Bike design is not as easy as it might look. Though there are smaller volumes and smaller surfaces to treat, all of the elements that make up a design are sitting in plain view for all to see. This is especially true of naked bikes like the Kawasaki Z800, which keeps most of the mechanical components on show, has no fairing and very few trim pieces.
The Z800 marks the 40th anniversary of Kawasaki‘s ‘Z’ range of motorbikes. Created in the Japanese company’s design studio in Paris, France, the designers and engineers worked collectively to create a much more aggressive middleweight motorcycle than its Z750 forebear. Head designer Keishi Fukumoto says he was given considerable freedom to pursue a more expressive statement of the Z brand for the mid-size class.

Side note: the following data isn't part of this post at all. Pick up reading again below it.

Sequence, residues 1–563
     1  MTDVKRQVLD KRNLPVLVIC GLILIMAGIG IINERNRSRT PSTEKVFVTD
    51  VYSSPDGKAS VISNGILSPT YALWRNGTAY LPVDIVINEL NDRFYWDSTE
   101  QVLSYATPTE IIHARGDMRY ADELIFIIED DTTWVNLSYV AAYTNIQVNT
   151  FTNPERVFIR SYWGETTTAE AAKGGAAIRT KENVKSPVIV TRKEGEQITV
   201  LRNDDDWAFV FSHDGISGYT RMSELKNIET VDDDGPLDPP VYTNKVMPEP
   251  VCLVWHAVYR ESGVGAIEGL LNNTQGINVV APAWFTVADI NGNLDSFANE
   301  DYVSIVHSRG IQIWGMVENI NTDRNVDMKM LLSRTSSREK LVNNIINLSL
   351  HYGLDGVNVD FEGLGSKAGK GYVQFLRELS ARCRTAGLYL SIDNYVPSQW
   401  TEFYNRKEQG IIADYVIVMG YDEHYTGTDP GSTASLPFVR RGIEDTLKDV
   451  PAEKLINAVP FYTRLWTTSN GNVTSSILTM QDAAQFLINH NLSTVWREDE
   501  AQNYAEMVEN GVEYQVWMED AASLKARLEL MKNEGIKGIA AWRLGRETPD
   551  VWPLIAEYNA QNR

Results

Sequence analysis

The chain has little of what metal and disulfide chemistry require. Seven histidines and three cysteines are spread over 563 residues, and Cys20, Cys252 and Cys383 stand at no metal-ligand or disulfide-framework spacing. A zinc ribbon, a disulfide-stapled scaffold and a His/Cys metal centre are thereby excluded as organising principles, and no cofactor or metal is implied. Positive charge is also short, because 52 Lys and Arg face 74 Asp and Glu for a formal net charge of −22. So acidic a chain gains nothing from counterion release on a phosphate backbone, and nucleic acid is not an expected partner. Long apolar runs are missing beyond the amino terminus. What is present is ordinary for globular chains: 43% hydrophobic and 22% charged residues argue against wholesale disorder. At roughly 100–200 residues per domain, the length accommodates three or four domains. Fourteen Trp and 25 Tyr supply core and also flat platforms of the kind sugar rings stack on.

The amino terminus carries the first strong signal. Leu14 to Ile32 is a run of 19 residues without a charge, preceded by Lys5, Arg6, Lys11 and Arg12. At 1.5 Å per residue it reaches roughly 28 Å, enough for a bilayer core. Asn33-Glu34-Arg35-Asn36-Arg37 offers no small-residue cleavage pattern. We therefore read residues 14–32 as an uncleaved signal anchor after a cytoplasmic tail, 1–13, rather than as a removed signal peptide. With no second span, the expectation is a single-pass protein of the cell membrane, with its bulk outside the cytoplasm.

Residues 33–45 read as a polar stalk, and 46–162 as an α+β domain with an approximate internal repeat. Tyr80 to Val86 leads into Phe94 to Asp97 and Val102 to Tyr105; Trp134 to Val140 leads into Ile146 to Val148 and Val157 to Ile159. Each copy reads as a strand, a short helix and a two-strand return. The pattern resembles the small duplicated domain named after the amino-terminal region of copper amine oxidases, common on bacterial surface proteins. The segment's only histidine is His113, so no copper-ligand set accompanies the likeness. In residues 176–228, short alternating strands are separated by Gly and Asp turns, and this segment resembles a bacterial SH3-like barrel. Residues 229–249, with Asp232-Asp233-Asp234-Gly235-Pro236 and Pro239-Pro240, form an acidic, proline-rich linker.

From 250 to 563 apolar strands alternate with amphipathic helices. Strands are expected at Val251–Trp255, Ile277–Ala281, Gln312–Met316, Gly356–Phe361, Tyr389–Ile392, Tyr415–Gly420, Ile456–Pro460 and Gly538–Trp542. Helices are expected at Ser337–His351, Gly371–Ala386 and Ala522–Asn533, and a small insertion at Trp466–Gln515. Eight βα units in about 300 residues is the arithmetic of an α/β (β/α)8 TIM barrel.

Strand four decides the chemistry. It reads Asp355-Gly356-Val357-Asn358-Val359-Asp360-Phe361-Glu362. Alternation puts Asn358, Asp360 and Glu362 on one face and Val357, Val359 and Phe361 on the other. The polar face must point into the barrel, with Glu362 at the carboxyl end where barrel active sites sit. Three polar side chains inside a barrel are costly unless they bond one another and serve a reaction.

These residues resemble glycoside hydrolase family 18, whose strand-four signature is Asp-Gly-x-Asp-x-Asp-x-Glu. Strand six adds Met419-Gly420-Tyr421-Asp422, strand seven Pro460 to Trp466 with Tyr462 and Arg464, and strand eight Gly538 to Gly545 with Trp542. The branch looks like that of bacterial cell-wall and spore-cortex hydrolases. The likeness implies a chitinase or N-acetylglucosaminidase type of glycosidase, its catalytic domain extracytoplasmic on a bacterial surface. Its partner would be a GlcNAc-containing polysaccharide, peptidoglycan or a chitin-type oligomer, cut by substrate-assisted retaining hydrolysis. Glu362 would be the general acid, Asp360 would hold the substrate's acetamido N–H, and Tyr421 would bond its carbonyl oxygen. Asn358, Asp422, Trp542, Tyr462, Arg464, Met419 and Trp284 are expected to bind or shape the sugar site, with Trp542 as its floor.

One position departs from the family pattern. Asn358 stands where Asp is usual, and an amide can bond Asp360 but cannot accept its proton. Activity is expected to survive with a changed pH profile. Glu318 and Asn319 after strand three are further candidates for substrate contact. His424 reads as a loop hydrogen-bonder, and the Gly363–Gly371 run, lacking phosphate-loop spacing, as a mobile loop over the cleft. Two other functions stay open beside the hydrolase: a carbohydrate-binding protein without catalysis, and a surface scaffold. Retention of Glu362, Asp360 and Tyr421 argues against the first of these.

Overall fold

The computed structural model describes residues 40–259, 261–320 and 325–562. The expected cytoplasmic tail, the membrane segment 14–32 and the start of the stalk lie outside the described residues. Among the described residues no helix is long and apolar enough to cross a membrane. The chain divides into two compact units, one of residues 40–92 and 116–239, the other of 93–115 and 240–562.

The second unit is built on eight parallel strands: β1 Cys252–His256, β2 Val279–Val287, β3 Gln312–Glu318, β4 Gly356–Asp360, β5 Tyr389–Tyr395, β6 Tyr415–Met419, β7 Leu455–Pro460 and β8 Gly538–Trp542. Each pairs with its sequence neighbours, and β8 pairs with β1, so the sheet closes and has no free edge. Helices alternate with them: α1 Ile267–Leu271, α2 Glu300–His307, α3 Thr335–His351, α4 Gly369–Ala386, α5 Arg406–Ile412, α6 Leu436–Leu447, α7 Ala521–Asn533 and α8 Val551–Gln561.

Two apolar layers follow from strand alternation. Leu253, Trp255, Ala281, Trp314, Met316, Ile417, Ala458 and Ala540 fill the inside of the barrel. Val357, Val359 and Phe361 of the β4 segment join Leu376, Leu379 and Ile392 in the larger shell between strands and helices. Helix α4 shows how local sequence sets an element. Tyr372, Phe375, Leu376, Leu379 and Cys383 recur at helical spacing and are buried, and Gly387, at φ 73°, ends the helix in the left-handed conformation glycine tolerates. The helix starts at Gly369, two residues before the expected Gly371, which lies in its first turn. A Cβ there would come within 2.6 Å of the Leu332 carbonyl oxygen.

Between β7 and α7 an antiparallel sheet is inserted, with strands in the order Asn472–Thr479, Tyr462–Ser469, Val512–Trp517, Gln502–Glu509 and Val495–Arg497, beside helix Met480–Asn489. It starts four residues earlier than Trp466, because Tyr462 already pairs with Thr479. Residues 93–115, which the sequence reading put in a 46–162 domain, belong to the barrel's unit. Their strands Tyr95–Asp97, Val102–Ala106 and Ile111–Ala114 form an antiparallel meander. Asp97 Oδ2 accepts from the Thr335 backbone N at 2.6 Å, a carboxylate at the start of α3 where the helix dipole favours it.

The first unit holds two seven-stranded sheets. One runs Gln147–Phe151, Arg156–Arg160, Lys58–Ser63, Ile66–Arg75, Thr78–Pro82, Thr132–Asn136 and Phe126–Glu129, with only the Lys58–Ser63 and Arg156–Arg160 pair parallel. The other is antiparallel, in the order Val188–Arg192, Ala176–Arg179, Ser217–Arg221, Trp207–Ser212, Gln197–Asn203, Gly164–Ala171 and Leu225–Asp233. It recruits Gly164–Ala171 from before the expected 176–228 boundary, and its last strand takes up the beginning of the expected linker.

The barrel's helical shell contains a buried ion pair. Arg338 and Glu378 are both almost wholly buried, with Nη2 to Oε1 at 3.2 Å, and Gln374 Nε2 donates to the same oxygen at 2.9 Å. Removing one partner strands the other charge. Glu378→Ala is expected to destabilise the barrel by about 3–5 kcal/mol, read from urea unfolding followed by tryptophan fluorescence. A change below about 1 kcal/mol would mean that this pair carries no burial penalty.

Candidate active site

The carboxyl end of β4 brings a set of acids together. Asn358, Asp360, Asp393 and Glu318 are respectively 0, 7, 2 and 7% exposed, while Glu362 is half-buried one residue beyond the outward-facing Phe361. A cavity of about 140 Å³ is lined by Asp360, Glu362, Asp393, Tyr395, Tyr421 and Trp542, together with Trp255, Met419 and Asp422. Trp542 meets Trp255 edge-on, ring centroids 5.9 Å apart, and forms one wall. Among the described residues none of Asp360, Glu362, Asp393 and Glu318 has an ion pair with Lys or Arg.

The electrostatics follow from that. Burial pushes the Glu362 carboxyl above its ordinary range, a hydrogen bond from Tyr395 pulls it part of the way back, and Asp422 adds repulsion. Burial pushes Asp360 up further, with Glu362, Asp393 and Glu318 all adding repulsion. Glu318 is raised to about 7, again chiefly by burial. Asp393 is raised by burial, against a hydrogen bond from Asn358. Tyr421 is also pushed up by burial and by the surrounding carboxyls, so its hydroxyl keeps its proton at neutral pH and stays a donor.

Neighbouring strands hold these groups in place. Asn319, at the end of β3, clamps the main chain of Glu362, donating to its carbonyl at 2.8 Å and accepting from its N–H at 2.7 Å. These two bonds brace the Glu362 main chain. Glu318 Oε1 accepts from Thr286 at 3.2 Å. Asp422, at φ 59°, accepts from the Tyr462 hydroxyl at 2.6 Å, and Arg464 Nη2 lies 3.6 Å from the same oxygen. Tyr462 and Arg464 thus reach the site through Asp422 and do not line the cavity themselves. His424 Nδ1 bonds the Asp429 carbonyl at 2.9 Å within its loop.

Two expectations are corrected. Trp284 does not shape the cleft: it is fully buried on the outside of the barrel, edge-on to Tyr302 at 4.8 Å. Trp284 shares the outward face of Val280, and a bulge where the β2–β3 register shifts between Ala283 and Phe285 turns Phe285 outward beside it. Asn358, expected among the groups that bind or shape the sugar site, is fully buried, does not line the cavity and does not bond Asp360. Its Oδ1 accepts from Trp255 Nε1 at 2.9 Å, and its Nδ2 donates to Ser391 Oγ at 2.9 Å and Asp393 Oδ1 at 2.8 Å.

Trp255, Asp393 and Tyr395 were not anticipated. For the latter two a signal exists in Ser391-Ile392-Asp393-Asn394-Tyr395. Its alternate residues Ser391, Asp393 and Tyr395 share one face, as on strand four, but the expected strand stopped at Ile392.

Mindful of the consumer throughout the design process, Fukumoto consulted the entire team at the studio to determine the overall design for the bike, saying he did not want to impose his own view. Sketches were regularly submitted and rejected along the process, but ultimately the Z800 emerged with a hard-edged personality, made largely possible by the bike’s underpinnings. In all 300 sketches were produced.
Chief engineer Hidehiko Yamamoto was equally less constrained when it came to engine and chassis design. With a larger engine displacement and increased chassis performance, the Z800 has been set up to offer a more dynamic choice of ride. The tubular backbone chassis design with engine sub-frame, new connecting pipe and revised chassis rigidity all offer improved feedback to the rider.
The Z800’s futuristically shaped instrument panel features a triple LCD screen with a level-meter-style tachometer, fuel gauge, remaining range and the economical riding indicator. We think it’s quite successful.
Watch the video above to see and hear what went into the creation of the Kawasaki Z800, and feast your eyes on the sketch gallery below.
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